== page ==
Fannie Mae has filed a response in opposition to Village Green's Motion for Stay. Fannie Mae argues that Village Green has not shown any likelihood of success on the merits or even serious questions going to the merits. According to Fannie Mae, Village Green cannot show any likelihood of success essentially because the Court ruled against Village Green on each of the issues raised in Village Green III. Fannie Mae highlights the Court's conclusion in Village Green III that the circuit split over the doctrine of artificial impairment was not relevant to the outcome of the appeal. Fannie Mae further argues that Village Green will not suffer irreparable harm in the event of a foreclosure because Village Green will still have other remedies available under state law. For its part Fannie Mae will continue to suffer the deprivation of its contractual right to foreclose and the benefit of its bargain with Village Green. Under the circumstances a stay would undermine the public interest in enforcing binding contracts, granting finality to bankruptcy proceedings, and deterring meritless appeals. As such, the Court should deny Village Green's Motion for Stay.
STANDARD OF REVIEW
Federal Rule of Bankruptcy Procedure 8025 provides that the judgment of a district court is stayed for 14 days after entry and grants a district court the authority to stay its judgment pending appeal to the Court of Appeals "[o]n a party's motion and notice to all other parties to the appeal." The stay must not exceed 30 days "except for cause shown" or unless the party who obtained the stay files a notice of appeal before the stay expires, in which case "the stay continues until final disposition by the court of appeals." "Deciding a motion for a stay requires balancing four factors: (1) the likelihood that the party seeking the stay will prevail on the merits on appeal, (2) the likelihood that the moving party will be irreparably harmed absent a stay; (3) the prospect that others will be harmed if the court grants the stay; and (4) the public interest in granting the stay." The four factors "are not prerequisites that must be met, but are interrelated considerations that must be balanced together" based on an analysis of an "adequate record" of "specific facts and affidavits supporting assertions that these factors exist." As the moving party, Village Green bears the burden to show that it is entitled to a stay.
For largely the same reasons the Court granted a stay of the Bankruptcy Court's judgment pending the outcome of Village Green III, the Court holds that Village Green has carried its burden to show an entitlement to a stay of this Court's judgment pending appeal to the Sixth Circuit. The Court continues to find that Village Green has shown a strong likelihood of irreparable harm. Fannie Mae has noticed a foreclosure sale for the Village Green property for January 30, 2015. As the Court noted in its previous order staying the judgment of the Bankruptcy Court, "[t]he threatened harm of foreclosure is substantial in this case because the property is Village Green's only asset in a single-asset bankruptcy reorganization." And absent a stay at this juncture, foreclosure would likely render Village Green's appeal to the Sixth Circuit moot. The Court further finds that the risk of harm to Fannie Mae is not great. The terms of the stay previously adopted by the Court pending the outcome of Village Green III will continue to protect Fannie Mae's interests in the property. Fannie Mae will receive payments of principal and interest and have many of the protections of its pre-petition agreements with Village Green, thereby mitigating any potential harm Fannie Mae might face during Village Green's appeal to the Sixth Circuit. And just as before, the Court finds that the public interest does not weigh strongly for or against a stay pending appeal.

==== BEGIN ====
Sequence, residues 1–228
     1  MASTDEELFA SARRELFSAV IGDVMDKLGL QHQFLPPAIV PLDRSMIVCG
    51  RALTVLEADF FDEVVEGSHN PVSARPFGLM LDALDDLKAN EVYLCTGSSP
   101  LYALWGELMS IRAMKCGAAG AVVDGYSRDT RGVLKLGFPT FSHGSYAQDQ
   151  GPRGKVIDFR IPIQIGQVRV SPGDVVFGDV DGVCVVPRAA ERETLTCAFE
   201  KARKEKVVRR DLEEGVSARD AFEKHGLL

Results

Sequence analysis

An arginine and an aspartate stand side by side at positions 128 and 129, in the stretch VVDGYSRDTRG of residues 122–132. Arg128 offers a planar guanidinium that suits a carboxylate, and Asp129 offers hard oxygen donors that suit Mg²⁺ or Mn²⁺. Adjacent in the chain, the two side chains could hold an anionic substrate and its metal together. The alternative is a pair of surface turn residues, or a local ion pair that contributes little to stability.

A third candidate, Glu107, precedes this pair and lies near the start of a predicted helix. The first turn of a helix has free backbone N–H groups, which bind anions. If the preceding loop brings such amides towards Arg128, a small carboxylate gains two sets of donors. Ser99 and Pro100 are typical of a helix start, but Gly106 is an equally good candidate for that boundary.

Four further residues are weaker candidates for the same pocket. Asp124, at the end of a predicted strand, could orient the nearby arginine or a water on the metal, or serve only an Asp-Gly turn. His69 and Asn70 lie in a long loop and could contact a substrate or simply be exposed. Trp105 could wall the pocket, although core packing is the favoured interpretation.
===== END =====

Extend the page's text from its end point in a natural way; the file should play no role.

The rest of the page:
As for a serious question going to the merits, the Court continues to find that Village Green's appeal raises important issues of first impression in this Circuit. The Sixth Circuit Court of Appeals has never addressed the doctrine of artificial impairment, which is indisputably the primary issue in this case. Village Green has maintained throughout the case that "[t]here is no such thing as artificial impairment. There is simply impairment." This Court has reached the opposite conclusion and held that Village Green's chapter 11 plan impaired the claims of its attorney and accountant without any economic justification. On that issue, the Sixth Circuit has never considered whether a debtor "must demonstrate some economic justification for delaying payment to the de minimis creditors" to prove "that the claims are actually, as opposed to artificially, impaired." The Court concludes then that Village Green has satisfied its burden to point to serious questions going to the merits of the case.
Fannie Mae argues that Village Green has failed even to raise a serious question going to the merits, largely because the Court rejected Village Green's assignments of error in Village Green III. It is true that Village Green III held that the circuit split over the doctrine of artificial impairment was not relevant to the outcome of the appeal and rejected Village Green's other arguments on appeal. However, Village Green's theories that artificial impairment is not a cognizable legal doctrine or that a debtor's intent in proposing a plan impairing the claim of a creditor is irrelevant qualify as a serious questions going to the merits of the appeal. Therefore, the Court rejects Fannie Mae's argument on this point.
Having concluded that the balance of the factors weighs in favor of a stay, the Court hereby stays its judgment under the same terms the Court adopted in its supplemental order dated July ...